Singapore's labour market expands in Q1

'More firms cited business reorganisation or restructuring as the reason for retrenchment,' says MOM

Singapore's labour market expands in Q1

Singapore's labour market continued its expansion in the first quarter of 2024, albeit at a slower pace compared to the previous quarter.

The Ministry of Manpower reported a total employment growth of 4,700, driven entirely by a 5,500 increase in resident employment, while non-resident employment saw a decline of 800.

Looking forward, the government said it expects continued improvements in employment due to an improved economic outlook for 2024, sustained increases in job vacancies, and increased hiring optimism among firms.

"We do not expect increases in unemployment rates to be sustained as the number of retrenchments continued to ease, and resident employment growth had been positive in 1Q 2024."

Sectors leading employment in Singapore

The sectors leading the rise in resident employment included Financial & Insurance Services, Public Administration, Health & Social Services, Administrative & Support Services, and Education. These areas experienced higher resident employment changes compared to the fourth quarter of 2023.

Source: MOM

Conversely, resident employment in lower-paying sectors such as Retail Trade and Food & Beverages Services continued to decline following seasonal increases in the previous quarter, said the ministry in its report.

Non-resident employment saw its first decline since the third quarter of 2021, with significant decreases in the Construction and Manufacturing sectors. This drop was attributed to the implementation of a lower Dependency Ratio Ceiling for the Construction and Process sectors.

The Ministry noted that this trend is consistent with the economic performance of these sectors, which had seen positive growth for the past two years.

Unemployment edges up, retrenchments down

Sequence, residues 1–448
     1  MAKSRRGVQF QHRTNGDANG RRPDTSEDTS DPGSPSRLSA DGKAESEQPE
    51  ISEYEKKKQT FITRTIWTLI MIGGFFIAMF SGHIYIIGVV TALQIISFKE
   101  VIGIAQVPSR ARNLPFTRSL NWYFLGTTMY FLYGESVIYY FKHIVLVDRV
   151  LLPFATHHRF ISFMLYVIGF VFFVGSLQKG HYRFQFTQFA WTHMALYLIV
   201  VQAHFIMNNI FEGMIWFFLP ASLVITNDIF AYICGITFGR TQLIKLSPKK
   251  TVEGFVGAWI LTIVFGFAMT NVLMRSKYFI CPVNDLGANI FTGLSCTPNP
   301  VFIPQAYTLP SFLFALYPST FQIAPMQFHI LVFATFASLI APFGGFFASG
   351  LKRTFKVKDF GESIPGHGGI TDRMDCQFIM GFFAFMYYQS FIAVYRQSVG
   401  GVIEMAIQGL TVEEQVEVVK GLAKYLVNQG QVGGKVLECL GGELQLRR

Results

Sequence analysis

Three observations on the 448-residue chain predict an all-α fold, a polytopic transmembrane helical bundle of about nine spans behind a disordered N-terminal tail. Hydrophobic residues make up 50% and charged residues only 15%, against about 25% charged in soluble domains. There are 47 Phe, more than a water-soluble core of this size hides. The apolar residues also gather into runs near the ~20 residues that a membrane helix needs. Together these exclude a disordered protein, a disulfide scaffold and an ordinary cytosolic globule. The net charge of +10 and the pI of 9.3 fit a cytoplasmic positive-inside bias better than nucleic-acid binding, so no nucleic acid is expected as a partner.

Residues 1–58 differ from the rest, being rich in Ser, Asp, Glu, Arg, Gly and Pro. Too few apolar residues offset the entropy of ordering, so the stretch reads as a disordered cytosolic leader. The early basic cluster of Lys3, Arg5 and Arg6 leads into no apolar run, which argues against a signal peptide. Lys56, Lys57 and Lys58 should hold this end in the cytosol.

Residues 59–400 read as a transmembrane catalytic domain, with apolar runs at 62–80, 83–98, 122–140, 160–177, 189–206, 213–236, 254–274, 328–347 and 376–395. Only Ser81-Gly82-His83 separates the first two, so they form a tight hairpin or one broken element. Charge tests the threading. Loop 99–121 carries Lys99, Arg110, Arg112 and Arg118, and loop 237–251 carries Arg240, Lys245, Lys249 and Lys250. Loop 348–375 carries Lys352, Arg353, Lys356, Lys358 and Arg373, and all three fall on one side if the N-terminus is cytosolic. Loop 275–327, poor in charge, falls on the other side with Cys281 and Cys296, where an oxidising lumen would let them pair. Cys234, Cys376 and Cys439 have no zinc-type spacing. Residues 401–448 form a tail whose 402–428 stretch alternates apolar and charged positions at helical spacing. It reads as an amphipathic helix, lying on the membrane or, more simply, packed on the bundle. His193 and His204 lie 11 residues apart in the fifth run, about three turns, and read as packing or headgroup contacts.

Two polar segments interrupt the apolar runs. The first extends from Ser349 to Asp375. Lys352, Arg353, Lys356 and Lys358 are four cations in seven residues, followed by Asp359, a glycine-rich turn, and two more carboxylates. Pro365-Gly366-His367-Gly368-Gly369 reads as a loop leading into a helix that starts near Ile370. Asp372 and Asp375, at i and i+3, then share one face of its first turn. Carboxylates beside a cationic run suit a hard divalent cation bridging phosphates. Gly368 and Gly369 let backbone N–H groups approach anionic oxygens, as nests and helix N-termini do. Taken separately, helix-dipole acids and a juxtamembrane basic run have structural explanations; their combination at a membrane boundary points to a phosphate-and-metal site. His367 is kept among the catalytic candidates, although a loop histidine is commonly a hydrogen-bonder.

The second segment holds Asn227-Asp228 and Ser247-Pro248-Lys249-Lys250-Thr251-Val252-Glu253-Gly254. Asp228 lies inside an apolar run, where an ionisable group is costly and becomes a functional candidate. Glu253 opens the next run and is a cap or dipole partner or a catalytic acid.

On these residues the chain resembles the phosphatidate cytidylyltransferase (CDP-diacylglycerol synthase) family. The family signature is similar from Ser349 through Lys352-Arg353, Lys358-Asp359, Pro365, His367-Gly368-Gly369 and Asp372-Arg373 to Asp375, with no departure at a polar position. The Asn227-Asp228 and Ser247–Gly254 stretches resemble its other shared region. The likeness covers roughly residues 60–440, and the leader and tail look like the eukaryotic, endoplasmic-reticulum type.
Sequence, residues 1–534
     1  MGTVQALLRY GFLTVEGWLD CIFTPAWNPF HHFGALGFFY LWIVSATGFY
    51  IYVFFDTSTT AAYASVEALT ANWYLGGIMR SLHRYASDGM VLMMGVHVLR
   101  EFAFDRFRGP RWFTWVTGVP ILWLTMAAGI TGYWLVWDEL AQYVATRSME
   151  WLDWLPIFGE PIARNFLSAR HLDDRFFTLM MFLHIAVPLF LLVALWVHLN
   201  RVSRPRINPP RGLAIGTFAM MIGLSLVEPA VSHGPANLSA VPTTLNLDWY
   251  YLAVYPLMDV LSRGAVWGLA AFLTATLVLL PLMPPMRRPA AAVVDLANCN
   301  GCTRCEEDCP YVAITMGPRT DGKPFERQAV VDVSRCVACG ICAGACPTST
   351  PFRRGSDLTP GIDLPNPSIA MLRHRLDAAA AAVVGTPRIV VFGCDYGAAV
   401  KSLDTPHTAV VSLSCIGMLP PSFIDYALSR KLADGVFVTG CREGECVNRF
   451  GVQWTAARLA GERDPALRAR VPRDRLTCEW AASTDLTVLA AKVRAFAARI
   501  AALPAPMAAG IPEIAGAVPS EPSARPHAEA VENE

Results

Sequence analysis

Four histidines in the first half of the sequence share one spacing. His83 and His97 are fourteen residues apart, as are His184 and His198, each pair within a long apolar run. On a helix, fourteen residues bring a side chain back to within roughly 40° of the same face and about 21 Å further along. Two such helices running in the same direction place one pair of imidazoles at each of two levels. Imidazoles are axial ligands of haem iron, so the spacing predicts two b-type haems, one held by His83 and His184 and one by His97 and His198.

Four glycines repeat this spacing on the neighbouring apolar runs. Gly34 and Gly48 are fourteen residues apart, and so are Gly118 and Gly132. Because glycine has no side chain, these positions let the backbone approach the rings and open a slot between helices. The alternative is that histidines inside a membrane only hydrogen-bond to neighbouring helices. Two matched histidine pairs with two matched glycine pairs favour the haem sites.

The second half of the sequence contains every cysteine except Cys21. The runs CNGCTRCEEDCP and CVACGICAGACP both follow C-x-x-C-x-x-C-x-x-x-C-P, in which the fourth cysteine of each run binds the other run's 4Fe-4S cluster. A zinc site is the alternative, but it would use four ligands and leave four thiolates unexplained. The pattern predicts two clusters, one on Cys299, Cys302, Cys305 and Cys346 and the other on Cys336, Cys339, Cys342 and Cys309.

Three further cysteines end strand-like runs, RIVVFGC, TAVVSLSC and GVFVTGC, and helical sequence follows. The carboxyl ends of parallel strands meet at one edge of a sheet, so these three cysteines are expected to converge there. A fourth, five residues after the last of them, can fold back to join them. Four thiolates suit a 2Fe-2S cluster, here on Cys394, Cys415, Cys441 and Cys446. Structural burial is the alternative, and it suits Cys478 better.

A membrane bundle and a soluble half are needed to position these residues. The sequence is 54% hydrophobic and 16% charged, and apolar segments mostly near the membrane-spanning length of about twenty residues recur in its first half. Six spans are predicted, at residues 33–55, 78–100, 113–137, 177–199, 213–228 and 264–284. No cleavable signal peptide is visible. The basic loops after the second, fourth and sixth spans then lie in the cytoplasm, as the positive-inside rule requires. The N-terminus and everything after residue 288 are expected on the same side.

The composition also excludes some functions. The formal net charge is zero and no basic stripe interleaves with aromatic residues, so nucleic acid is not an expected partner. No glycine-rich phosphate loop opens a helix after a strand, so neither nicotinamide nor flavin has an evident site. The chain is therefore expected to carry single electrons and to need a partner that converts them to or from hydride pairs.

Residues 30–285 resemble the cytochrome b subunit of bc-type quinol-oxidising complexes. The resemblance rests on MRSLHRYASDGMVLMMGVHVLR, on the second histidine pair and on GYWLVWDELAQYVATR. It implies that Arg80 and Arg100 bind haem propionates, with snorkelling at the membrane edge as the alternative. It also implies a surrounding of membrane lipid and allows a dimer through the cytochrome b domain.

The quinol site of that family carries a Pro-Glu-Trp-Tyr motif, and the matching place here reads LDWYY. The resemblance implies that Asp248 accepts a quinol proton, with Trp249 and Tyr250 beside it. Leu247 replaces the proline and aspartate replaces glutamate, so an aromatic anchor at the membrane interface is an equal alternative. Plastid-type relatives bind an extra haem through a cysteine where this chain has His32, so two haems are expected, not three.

Unemployment rates edged up in March 2024, with the overall rate at 2.1%, the resident rate at 3.0%, and the citizen rate at 3.1%. The Ministry of Manpower explained, "The increase was not unexpected - we had previously highlighted that unemployment rates could edge up amid higher retrenchments in 3Q and 4Q 2023."

Despite the slight increase in unemployment, the rates remained within the range observed during non-recessionary periods. The resident long-term unemployment rate remained low at 0.8% in March 2024.

Source: MOM

The number of retrenchments continued to decline, dropping from 3,460 in the fourth quarter of 2023 to 3,030 in the first quarter of 2024. This decrease was largely due to fewer retrenchments in outward-oriented sectors such as Wholesale Trade and Electronics Manufacturing.

"More firms cited business reorganisation or restructuring as the reason for retrenchment in 1Q 2024, while retrenchments due to concerns of recession or downturn and high costs have declined," stated the Ministry of Manpower.

Job vacancies rise for second quarter

The number of job vacancies rose for the second consecutive quarter in March 2024, reaching 81,900, up from 79,800 in December 2023. This rise reflects improved economic prospects for 2024. However, the ratio of job vacancies to unemployed persons declined from 1.74 in December 2023 to 1.56 in March 2024, due to a slight increase in the number of unemployed persons.

Despite this, the labour market remained tight with more job vacancies than job seekers.

Job vacancies in growth sectors associated with higher productivity and pay, such as Health & Social Services, Information & Communications, Professional Services, and Financial & Insurance Services, formed nearly one-third of all job vacancies.

Recruitment rate dips in Singapore

The recruitment rate fell slightly from 2.3% in the fourth quarter of 2023 to 2.1% in the first quarter of 2024, while the resignation rate held steady at 1.4%.

"This suggests that employees are staying for a longer period of time in any particular job," noted the Ministry of Manpower.

The decline in recruitment rates was mainly observed in the Construction sector and consumer-facing services such as Food & Beverage Services and Accommodation. Despite this decline, the recruitment rate in these sectors remained above the overall rate for the Services industry.

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